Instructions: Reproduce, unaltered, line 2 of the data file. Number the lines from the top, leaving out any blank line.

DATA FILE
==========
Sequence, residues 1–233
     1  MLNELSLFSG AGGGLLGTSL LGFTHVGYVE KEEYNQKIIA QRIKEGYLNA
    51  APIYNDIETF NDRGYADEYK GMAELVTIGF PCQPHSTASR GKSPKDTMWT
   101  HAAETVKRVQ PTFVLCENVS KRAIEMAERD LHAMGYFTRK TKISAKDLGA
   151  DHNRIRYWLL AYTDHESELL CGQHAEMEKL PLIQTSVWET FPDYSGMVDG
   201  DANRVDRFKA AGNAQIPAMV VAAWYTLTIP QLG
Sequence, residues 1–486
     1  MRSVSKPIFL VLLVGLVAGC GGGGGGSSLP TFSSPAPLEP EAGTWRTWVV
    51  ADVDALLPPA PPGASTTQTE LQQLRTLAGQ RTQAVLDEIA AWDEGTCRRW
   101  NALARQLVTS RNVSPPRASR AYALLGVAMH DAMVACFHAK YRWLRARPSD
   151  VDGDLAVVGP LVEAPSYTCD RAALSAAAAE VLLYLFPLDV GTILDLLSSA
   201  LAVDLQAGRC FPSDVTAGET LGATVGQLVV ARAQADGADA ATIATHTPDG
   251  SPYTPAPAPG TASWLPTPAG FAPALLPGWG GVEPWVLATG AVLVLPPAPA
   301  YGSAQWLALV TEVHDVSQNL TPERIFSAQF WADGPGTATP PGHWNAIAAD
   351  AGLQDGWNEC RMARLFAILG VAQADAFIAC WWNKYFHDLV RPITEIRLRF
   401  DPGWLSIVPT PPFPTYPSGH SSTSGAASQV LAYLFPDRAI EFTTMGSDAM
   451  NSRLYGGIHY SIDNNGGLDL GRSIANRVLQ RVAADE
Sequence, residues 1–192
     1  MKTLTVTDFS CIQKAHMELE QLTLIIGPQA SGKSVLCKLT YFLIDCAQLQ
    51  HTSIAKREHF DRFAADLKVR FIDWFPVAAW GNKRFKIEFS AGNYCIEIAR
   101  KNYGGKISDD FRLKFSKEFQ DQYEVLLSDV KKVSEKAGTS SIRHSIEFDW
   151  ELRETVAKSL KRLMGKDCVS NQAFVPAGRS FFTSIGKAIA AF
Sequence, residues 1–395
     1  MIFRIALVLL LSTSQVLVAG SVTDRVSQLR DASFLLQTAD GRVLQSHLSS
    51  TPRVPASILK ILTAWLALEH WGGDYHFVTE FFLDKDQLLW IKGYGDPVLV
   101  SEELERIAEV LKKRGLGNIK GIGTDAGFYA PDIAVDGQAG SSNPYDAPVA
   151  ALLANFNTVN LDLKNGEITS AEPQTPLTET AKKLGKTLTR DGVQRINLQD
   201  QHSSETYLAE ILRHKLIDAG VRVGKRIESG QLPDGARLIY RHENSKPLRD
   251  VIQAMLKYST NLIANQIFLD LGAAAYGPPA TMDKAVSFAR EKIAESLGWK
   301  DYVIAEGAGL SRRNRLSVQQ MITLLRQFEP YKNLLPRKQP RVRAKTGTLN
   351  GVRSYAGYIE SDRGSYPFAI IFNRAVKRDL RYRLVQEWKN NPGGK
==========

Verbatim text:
     1  MLNELSLFSG AGGGLLGTSL LGFTHVGYVE KEEYNQKIIA QRIKEGYLNA